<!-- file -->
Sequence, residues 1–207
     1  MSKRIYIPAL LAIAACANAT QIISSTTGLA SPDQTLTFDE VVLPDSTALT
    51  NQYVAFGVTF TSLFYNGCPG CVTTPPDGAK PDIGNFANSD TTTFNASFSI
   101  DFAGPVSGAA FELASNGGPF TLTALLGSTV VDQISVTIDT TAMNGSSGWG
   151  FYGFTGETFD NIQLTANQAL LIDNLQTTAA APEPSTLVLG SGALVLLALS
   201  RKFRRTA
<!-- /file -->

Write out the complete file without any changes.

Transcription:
Sequence, residues 1–207
     1  MSKRIYIPAL LAIAACANAT QIISSTTGLA SPDQTLTFDE VVLPDSTALT
    51  NQYVAFGVTF TSLFYNGCPG CVTTPPDGAK PDIGNFANSD TTTFNASFSI
   101  DFAGPVSGAA FELASNGGPF TLTALLGSTV VDQISVTIDT TAMNGSSGWG
   151  FYGFTGETFD NIQLTANQAL LIDNLQTTAA APEPSTLVLG SGALVLLALS
   201  RKFRRTA